Adhesions can stand in the way of pregnancy.
When adhesions, or internal scar tissue, form between the reproductive organs (ovaries, fallopian tubes, uterus, or pelvic walls) after surgery, they can block the egg from getting to the uterus, causing infertility.2 Adhesions due to previous pelvic surgery may also increase the risk of ectopic pregnancy, or pregnancy in which the fertilized egg implants outside of the uterus.3,4
With some infertile patients, surgery to remove adhesions may be required.5
Seprafilm can help reduce adhesions and the problems they may cause. Learn more.
Seprafilm® Adhesion Barrier is indicated for the reduction of post-surgical adhesions in patients undergoing abdominal or pelvic laparotomy.
Important Safety Information
Seprafilm should not be wrapped around an intestinal anastomosis as such usage may result in increased anastomotic leak related events, such as abscess or peritonitis. The safety and effectiveness of Seprafilm has not been established in combination with other adhesion prevention products and/or in surgical procedures not within the abdominopelvic cavity. The safety and effectiveness of Seprafilm has also not been evaluated in cases of pregnancy, malignancy, or frank infection. The type and frequency of adverse events reported are consistent with events typically seen following abdominopelvic surgery when used as directed.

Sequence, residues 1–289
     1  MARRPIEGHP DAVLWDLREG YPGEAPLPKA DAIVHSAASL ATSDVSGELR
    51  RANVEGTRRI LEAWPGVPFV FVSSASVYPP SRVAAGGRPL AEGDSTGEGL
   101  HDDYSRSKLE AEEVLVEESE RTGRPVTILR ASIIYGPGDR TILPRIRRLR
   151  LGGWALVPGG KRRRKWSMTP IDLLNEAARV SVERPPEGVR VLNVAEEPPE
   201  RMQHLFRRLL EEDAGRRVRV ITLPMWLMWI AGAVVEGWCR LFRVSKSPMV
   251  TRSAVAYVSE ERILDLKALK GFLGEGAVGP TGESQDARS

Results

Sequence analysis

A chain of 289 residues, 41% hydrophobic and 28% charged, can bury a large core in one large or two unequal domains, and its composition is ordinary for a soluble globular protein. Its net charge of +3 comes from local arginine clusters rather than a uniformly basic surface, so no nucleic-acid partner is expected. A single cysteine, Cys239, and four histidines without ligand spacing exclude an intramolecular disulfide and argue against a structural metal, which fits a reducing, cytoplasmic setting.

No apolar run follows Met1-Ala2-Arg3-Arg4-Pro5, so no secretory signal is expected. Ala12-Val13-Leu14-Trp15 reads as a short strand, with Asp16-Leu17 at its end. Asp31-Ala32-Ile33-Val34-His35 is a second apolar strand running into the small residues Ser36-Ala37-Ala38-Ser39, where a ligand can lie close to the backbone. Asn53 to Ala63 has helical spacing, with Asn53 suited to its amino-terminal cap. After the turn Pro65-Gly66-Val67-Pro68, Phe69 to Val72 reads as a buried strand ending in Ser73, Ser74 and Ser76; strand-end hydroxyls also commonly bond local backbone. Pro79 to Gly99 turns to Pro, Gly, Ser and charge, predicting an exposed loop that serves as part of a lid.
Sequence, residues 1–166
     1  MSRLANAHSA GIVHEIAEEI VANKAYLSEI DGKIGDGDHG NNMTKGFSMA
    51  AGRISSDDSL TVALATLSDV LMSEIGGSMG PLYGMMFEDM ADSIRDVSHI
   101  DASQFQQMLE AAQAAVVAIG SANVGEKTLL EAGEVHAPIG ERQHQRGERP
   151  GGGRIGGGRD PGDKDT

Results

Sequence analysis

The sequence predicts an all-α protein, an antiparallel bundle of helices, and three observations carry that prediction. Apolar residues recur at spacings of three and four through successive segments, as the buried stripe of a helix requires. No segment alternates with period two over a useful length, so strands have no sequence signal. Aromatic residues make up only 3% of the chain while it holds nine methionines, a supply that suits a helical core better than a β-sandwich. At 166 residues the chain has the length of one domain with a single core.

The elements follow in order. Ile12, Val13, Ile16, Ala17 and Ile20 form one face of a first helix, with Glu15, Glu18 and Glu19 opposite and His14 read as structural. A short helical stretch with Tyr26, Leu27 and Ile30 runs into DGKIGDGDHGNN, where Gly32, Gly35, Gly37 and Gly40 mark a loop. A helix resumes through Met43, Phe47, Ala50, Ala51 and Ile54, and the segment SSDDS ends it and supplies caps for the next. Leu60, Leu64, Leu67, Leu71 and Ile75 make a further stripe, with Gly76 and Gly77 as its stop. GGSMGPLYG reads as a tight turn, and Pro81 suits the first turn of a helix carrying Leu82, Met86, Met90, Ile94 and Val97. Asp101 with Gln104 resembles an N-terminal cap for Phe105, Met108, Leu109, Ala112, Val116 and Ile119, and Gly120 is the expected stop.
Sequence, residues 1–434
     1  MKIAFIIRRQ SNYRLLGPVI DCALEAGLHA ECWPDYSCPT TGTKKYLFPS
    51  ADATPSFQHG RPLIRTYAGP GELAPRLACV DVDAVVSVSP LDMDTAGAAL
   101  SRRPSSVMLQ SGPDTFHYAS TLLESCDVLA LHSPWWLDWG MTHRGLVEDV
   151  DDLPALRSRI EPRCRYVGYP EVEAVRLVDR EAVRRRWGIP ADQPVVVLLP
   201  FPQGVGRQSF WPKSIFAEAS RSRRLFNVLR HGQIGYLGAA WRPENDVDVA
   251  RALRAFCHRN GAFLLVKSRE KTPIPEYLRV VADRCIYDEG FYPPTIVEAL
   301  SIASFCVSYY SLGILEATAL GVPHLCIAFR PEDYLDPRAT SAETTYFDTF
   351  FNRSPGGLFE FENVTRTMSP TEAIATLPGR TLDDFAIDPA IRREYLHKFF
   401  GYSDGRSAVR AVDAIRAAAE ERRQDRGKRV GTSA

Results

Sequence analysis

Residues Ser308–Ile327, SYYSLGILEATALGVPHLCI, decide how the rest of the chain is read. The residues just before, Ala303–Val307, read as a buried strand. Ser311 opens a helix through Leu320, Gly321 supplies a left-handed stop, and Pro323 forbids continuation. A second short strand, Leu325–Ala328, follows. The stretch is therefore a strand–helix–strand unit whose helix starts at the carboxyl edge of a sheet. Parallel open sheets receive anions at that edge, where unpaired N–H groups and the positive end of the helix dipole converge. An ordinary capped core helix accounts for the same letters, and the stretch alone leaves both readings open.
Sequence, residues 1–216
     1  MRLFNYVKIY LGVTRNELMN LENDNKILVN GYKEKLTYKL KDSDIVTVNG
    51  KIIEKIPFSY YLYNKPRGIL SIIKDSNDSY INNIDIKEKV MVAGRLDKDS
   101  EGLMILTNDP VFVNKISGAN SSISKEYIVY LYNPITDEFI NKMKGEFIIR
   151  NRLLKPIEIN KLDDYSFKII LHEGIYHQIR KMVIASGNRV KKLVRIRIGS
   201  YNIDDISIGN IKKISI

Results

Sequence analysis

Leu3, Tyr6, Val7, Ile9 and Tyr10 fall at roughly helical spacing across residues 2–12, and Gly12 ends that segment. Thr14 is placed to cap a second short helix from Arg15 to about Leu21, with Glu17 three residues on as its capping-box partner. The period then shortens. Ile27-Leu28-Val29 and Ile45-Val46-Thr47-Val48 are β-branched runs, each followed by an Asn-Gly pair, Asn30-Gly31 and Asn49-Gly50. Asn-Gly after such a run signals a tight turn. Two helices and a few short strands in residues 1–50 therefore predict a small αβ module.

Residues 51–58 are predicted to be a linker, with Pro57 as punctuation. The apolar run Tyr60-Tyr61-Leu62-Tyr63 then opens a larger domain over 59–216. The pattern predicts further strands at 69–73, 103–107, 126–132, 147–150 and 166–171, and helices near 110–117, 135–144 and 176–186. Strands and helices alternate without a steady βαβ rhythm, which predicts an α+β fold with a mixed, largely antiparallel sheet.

Please see full prescribing information.
Hershlag A, Diamond MP, DeCherney AH. Adhesiolysis. Clin Obstet Gynecol. 1991;34(2):395-402.
National Digestive Diseases Information Clearinghouse. Abdominal Adhesions. Bethesda, MD: National Institute of Diabetes and Digestive and Kidney Diseases, National Institutes of Health, US Dept of Health and Human Services; 2009.
A.D.A.M. Medical Encyclopedia. Ectopic pregnancy. PubMed Health website. http://www.ncbi.nlm.nih.gov/pubmedhealth/PMH0001897/. Updated February 21, 2010. Accessed November 7, 2011.
Michalas S, Minaretzis D, Tsionou C, Maos G, Kioses E, Aravantinos D. Pelvic surgery, reproductive factors and risk of ectopic pregnancy: a case controlled study. Int J Gynaecol Obstet. 1992;38(2):101-105.
Peterson (1970) Laparoscopy of the infertile patient obstet gynecol. 6. Phillippov (1998) Estimation of the prevalence & causes of infertility bull world health organ.
Are you having a C-Section?
It’s important to learn about the risk of adhesions—and what you can do to help prevent them.
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Sarah had severe adhesions after multiple C-Sections. Now, she can no longer have children.
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